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Microbiology and Biotechnology Letters

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Environmental Microbiology  |  Biodegradation and Bioremediation

Microbiol. Biotechnol. Lett.

Received: April 4, 2024; Revised: May 21, 2024

Biodegradation of low-density polyethylene by Acinetobacter guillouiae PL211 isolated from the waste treatment facility

Ye-Jin Kim 1, 2, 3, Jang-Sub Lee 1, 2, 3, Jeong-Ann Park 4, Hyun-Ouk Kim 1, 2, Kwang Suk Lim 1, 2 and Suk Jin Ha 1, 2, 3*

1Department of Bioengineering and Technology, Kangwon National University, 2Department of Biohealth-machinery convergence engineering, Kangwon National University, 3Institute of Fermentation and Brewing, Kangwon National University, 4Department of Environmental Engineering, Kangwon National University

Correspondence to :
Suk Jin Ha, Kangwon National University, Chuncheon 24341, Republic of Korea [24341]
Tel : 82 33-250-6278, Fax : 82 33-243-6350, E-mail : sjha@kangwon.ac.kr

Abstract

Plastics are consistently produced owing to their practicality and convenience. Unmanaged plastics enter the oceans, where they adversely impact marine life, and their degradation into nano-plastics due to sunlight and weathering is of concern for all living beings. Nano-plastics affect humans via the food chain, emphasizing the need for effective solutions. Microbial biodegradation has been suggested as a solution, offering the advantages of minimal environmental impact and the utilization of decomposition byproducts in microbial metabolic pathways. In this study, fifty-seven bacterial strains were isolated and identified from a waste-treatment facility. Incubation in a minimal salt medium with low-density polyethylene (LDPE) beads as the sole carbon source resulted in the selection of the LDPE-degrading strain Acinetobacter guillouiae PL211. The selected strain was cultured at high cell density with LDPE as a carbon source, and Fourier transform infrared (FT-IR) analysis revealed chemical changes on the LDPE bead’s surface. Field-emission scanning electron microscopy (FE-SEM) analysis confirmed substantial biodegradation of the LDPE surface. These results demonstrated the capability of Acinetobacter guillouiae PL211 to biodegrade LDPE beads. This discovery demonstrates the potential of an environmentally friendly approach to addressing polyethylene waste issues.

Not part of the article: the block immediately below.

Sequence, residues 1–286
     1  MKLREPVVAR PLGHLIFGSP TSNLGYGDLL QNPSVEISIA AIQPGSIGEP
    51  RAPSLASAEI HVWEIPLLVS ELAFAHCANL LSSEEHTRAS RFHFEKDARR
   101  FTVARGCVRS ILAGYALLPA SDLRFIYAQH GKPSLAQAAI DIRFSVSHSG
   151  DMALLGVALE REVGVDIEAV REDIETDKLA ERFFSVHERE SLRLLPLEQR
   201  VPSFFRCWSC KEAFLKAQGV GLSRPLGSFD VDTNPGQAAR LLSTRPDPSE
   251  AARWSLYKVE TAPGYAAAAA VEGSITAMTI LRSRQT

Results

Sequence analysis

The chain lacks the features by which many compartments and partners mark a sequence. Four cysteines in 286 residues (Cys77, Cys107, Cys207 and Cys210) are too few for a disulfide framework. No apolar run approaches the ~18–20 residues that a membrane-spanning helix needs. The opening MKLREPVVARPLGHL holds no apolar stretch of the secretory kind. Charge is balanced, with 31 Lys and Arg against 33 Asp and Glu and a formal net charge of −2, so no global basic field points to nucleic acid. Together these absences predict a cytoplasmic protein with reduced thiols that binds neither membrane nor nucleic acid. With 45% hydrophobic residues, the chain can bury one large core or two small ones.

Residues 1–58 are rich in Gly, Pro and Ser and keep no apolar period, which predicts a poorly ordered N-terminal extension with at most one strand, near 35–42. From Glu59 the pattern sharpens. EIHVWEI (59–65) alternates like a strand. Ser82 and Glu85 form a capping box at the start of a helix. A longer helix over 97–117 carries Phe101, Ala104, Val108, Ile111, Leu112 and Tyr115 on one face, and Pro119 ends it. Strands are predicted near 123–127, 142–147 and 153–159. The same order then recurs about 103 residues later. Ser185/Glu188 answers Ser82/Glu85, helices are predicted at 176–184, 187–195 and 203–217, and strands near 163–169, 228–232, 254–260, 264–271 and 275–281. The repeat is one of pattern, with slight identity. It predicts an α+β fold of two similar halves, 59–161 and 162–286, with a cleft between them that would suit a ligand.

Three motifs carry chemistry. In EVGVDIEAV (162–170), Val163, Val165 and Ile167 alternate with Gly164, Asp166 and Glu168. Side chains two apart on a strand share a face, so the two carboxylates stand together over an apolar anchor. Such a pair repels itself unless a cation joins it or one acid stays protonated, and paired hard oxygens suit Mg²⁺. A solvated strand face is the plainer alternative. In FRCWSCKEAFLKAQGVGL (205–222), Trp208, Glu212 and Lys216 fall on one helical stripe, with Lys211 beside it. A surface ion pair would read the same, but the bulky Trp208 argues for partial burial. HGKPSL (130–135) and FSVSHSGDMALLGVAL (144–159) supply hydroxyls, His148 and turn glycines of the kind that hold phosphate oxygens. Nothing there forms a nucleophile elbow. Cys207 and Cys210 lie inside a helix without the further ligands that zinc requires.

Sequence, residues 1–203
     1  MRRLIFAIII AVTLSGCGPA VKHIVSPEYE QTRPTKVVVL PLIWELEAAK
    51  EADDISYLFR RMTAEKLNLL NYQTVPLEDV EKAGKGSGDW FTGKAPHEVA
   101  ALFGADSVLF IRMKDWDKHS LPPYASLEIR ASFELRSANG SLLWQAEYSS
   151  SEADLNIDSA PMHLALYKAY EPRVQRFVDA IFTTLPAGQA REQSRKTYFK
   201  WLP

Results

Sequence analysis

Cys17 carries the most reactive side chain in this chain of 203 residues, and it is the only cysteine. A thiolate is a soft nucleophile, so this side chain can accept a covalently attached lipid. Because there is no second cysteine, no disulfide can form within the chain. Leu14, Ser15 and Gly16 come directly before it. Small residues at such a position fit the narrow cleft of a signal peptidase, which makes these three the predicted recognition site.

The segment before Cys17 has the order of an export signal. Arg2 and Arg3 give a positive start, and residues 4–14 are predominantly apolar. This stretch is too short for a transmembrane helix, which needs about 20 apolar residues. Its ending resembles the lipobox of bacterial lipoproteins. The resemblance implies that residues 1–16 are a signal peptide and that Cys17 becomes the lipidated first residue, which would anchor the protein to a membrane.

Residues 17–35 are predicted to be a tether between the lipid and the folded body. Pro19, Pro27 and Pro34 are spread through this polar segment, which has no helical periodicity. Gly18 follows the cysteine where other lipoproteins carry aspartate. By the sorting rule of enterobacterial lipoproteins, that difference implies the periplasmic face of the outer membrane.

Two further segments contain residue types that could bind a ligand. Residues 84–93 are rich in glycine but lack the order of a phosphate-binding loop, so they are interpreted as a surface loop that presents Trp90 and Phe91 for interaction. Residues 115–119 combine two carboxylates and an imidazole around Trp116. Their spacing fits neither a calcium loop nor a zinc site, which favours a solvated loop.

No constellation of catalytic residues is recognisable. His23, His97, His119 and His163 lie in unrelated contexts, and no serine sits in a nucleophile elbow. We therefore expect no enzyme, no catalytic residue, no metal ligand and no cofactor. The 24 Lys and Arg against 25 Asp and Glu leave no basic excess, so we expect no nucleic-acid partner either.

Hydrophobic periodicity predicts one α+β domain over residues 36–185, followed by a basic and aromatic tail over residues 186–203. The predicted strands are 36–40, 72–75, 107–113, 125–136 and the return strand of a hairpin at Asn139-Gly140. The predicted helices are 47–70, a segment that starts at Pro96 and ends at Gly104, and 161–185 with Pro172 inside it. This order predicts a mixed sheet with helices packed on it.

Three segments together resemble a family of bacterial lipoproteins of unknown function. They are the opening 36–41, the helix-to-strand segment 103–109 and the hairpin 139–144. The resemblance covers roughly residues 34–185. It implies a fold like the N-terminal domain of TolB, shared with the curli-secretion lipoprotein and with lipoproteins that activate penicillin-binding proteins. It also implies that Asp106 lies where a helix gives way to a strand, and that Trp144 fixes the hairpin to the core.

Keywords: Low-density polyethylene, Biodegradation, Acinetobacter guillouiae, FE-SEM, FT-IR

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